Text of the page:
For the second time in this letter Paul expresses concern that his labor in Galatia might be a total loss. He addresses the Galatians as brothers but seems freaked out about them observing "days, months, seasons and years". He seems to see this as a return to "weak and beggarly" basic principles which characterize the lost world and a return to slavery:
Gal 4:7 So you are no longer a slave, but a son, and if a son, then an heir through God. Gal 4:8 Formerly, when you did not know God, you were enslaved to those that by nature are not gods. Gal 4:9 But now that you have come to know God, or rather to be known by God, how can you turn back again to the weak and worthless elementary principles of the world, whose slaves you want to be once more? Gal 4:10 You observe days and months and seasons and years! Gal 4:11 I am afraid I may have labored over you in vain.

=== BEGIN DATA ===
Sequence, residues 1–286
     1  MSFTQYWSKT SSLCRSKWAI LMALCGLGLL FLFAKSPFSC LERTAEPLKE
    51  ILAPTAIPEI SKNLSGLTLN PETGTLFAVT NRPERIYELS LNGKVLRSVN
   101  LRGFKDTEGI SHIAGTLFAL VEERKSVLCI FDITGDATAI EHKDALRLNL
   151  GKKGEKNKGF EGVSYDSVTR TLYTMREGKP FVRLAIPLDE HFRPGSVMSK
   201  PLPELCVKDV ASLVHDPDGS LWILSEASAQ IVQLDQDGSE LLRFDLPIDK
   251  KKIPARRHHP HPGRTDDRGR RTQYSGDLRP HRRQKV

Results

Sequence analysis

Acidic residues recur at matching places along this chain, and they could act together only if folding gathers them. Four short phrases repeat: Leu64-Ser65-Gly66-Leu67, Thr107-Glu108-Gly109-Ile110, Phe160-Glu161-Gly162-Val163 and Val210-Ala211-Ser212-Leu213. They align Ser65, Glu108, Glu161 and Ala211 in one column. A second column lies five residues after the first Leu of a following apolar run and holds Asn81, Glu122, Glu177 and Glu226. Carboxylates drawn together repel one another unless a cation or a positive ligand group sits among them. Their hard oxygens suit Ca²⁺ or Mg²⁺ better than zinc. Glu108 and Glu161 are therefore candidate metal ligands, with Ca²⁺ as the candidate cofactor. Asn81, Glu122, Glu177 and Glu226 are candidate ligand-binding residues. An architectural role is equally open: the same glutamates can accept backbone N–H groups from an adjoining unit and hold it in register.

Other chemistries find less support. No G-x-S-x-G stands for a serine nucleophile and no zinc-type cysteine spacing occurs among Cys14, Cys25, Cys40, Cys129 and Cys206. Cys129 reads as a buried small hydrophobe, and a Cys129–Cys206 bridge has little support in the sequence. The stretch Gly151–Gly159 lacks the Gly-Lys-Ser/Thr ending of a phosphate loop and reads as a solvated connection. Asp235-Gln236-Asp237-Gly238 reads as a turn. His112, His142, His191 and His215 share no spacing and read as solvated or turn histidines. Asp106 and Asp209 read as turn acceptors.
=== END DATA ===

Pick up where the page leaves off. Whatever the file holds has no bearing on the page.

"OSAS" ("once saved, always saved") teaches that one can forfeit temporal benefits and rewards but never can lose one's ultimate justification. Does Paul suggest in this passage that the Galatian brothers might lose their ultimate justification? Or is he only concerned that they might forfeit temporal benefits and rewards?
The phrase "I may have labored over you in vain" seems to me to suggest that he was concerned his work among them would have no lasting effect but he doesn't seem to make that explicit.
Does this passage allow for a "temp and rewards only" loss? Or does it warn against actual apostasy and loss of ultimate justification?
Does the passage leave any room for the idea that if they returned to Torah that they never were regenerate to begin with?